4. Tom,
    I can see that when you work as a consultant one of the things you offer your clients is the ability to see behaviors and patterns that have become invisible to them because they are so close to them on a daily basis.

    I also sense from your comment that you are able to take actions, as an outsider, that would be hard for those involved to take.

    You are a great model for us.

    In appreciation,
    pete

  5. Dear Pete,
    I was one of the team members that felt “put off” by what happened in the original meeting when we brought forth our ideas. Unfortunately, due to other work commitments, I was not able to attend the meeting when you addressed the group and apologized. I did hear from my fellow team members about what you said at the meeting and felt a sense of re-connection to you and what we were all trying to accomplish. This incident must have had a big impact on you for you to address it at this time. Once again, I appreciate your honesty. You are an inspiration.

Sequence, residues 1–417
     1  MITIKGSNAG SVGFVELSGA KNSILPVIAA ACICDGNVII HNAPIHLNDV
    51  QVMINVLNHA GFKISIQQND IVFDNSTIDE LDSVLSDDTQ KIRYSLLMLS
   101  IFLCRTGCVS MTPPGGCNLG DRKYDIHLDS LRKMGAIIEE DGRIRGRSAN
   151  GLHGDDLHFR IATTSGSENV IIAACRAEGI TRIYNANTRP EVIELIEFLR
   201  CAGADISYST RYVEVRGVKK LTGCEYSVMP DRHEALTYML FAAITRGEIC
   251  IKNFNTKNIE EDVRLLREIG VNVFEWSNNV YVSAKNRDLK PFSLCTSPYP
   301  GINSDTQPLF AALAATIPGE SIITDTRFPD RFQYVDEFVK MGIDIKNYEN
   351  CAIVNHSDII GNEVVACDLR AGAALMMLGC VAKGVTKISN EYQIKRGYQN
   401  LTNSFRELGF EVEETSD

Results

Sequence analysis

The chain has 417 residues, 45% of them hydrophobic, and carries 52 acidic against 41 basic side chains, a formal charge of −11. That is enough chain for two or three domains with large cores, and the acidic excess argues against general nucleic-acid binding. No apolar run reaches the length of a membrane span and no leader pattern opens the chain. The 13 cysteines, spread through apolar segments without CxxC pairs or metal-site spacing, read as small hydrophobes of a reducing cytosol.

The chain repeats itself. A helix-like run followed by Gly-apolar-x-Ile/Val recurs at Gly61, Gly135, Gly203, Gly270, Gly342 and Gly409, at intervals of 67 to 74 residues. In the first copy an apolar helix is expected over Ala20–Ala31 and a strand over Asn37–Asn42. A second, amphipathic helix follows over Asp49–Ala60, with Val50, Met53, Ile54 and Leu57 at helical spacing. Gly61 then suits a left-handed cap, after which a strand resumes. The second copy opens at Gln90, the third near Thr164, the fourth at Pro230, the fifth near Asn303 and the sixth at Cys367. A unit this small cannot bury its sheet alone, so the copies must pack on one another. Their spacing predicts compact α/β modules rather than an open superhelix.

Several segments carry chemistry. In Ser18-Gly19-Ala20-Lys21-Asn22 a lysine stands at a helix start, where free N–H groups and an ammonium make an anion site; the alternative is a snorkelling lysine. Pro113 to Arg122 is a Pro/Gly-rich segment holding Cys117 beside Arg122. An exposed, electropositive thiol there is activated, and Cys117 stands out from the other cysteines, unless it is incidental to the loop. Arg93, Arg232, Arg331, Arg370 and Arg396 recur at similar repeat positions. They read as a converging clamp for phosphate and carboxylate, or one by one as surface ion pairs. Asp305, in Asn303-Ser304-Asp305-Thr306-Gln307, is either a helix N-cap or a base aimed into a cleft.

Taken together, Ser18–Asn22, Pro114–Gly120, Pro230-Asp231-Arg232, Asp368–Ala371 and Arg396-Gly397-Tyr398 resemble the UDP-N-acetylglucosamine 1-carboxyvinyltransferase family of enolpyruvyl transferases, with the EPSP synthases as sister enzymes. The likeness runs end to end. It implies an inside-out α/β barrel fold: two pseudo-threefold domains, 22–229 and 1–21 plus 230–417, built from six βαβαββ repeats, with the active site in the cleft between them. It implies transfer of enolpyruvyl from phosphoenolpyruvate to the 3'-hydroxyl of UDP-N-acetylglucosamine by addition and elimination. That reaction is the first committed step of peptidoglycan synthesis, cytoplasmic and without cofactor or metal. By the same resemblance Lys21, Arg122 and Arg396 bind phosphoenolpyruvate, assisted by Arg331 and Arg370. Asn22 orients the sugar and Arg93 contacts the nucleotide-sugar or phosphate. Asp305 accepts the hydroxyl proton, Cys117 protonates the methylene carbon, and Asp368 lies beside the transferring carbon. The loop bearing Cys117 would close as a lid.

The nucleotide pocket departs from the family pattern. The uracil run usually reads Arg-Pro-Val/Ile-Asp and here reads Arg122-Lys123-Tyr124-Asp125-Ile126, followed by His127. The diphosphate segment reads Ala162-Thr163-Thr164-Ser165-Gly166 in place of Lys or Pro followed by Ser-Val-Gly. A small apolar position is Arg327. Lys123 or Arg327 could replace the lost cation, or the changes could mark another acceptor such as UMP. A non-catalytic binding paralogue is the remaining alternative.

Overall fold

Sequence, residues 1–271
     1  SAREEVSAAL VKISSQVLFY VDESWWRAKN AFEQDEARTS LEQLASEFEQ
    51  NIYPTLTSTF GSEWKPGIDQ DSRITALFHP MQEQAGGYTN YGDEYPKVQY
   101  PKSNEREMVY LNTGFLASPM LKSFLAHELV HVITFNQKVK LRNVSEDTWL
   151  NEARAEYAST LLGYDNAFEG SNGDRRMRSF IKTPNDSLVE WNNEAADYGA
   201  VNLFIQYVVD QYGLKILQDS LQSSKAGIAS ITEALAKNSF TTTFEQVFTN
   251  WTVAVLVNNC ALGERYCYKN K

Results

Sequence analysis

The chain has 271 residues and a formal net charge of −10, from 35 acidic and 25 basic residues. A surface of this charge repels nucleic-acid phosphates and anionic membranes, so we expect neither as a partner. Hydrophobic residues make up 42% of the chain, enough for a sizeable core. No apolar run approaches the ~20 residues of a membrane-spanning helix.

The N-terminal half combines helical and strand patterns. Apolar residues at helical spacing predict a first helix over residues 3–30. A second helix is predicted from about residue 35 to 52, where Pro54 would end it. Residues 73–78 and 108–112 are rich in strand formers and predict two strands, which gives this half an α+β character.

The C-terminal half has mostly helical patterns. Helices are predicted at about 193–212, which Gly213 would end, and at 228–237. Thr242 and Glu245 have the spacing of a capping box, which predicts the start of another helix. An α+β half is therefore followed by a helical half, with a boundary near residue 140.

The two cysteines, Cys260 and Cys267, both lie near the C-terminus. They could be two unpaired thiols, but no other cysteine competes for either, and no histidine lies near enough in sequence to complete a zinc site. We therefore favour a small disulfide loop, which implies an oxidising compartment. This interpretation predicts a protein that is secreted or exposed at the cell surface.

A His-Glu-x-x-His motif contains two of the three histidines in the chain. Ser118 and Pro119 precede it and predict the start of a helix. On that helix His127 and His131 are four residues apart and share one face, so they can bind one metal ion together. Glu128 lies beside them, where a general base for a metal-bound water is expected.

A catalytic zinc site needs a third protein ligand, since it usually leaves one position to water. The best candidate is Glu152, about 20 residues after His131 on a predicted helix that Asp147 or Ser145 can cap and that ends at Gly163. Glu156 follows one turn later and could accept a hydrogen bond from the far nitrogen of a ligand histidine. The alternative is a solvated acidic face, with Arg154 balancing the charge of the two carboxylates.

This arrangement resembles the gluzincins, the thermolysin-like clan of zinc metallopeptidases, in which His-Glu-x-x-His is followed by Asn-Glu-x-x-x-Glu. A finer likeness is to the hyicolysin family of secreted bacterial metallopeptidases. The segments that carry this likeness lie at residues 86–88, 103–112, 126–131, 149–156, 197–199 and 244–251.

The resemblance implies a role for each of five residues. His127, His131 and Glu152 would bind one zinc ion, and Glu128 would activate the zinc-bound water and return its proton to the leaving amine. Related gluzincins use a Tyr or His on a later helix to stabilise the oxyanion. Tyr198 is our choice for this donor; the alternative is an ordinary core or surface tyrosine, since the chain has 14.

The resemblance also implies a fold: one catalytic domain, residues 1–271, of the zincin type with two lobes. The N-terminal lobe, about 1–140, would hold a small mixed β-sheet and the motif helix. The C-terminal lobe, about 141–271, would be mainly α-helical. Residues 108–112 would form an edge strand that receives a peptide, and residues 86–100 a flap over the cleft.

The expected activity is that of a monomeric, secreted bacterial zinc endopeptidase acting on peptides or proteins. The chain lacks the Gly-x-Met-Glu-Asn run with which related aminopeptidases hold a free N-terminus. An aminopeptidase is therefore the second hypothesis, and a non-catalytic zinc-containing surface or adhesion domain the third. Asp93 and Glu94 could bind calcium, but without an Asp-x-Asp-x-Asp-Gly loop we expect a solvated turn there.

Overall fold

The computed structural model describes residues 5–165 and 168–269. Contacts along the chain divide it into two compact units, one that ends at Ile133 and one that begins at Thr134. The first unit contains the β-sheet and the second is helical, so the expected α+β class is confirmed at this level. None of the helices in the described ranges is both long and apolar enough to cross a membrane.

Madalyn

  6. Madalyn,
    It did have a big impact. It taught me that it’s easy to have “blind spots”; behaviors that are so ingrained that you don’t even notice it when you are indulging in them.

    I also learned that once people get angry at the way they have been treated that it doesn’t just “blow over”. It lingers.

    Finally, I learned that a heartfelt and authentic apology can put everyone on the road to trust very quickly. It’s amazing how forgiving people can be if they believe you are truly sorry for your mistake.

    pete